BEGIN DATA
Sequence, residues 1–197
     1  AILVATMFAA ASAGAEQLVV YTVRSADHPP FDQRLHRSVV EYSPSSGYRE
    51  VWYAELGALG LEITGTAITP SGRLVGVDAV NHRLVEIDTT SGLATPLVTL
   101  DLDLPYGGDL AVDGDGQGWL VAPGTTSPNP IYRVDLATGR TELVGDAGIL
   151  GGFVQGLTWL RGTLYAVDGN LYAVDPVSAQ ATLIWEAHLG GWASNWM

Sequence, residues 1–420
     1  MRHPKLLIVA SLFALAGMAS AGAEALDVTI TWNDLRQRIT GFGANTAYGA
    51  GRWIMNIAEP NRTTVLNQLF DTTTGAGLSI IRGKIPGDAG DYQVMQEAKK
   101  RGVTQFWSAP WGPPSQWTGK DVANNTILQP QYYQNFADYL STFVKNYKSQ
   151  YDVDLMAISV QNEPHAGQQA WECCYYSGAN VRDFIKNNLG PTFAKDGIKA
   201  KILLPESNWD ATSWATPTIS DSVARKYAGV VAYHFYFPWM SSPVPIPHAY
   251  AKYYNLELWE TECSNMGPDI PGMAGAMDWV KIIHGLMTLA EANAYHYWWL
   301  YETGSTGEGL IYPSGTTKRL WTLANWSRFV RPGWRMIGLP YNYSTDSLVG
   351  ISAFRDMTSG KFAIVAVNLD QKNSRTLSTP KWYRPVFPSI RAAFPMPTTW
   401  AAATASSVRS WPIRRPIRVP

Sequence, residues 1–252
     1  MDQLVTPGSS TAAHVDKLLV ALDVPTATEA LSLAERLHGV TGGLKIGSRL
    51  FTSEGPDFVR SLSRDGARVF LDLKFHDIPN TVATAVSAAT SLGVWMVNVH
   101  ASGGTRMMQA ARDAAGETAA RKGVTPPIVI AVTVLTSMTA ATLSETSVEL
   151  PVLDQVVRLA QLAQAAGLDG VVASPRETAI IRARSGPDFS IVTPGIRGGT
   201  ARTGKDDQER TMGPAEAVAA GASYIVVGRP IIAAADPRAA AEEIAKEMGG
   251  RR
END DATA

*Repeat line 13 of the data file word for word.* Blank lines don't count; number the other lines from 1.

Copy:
   301  YETGSTGEGL IYPSGTTKRL WTLANWSRFV RPGWRMIGLP YNYSTDSLVG